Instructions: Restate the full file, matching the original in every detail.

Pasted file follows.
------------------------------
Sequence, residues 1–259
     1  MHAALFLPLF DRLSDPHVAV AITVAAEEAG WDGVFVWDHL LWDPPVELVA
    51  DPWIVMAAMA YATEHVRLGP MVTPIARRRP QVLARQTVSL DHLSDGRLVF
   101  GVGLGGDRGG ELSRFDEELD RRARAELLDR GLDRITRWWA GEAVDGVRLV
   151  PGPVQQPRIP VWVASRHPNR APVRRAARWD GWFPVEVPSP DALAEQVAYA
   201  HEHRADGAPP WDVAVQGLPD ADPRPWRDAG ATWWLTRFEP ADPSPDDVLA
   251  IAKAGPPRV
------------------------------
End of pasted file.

Sequence, residues 1–259
     1  MHAALFLPLF DRLSDPHVAV AITVAAEEAG WDGVFVWDHL LWDPPVELVA
    51  DPWIVMAAMA YATEHVRLGP MVTPIARRRP QVLARQTVSL DHLSDGRLVF
   101  GVGLGGDRGG ELSRFDEELD RRARAELLDR GLDRITRWWA GEAVDGVRLV
   151  PGPVQQPRIP VWVASRHPNR APVRRAARWD GWFPVEVPSP DALAEQVAYA
   201  HEHRADGAPP WDVAVQGLPD ADPRPWRDAG ATWWLTRFEP ADPSPDDVLA
   251  IAKAGPPRV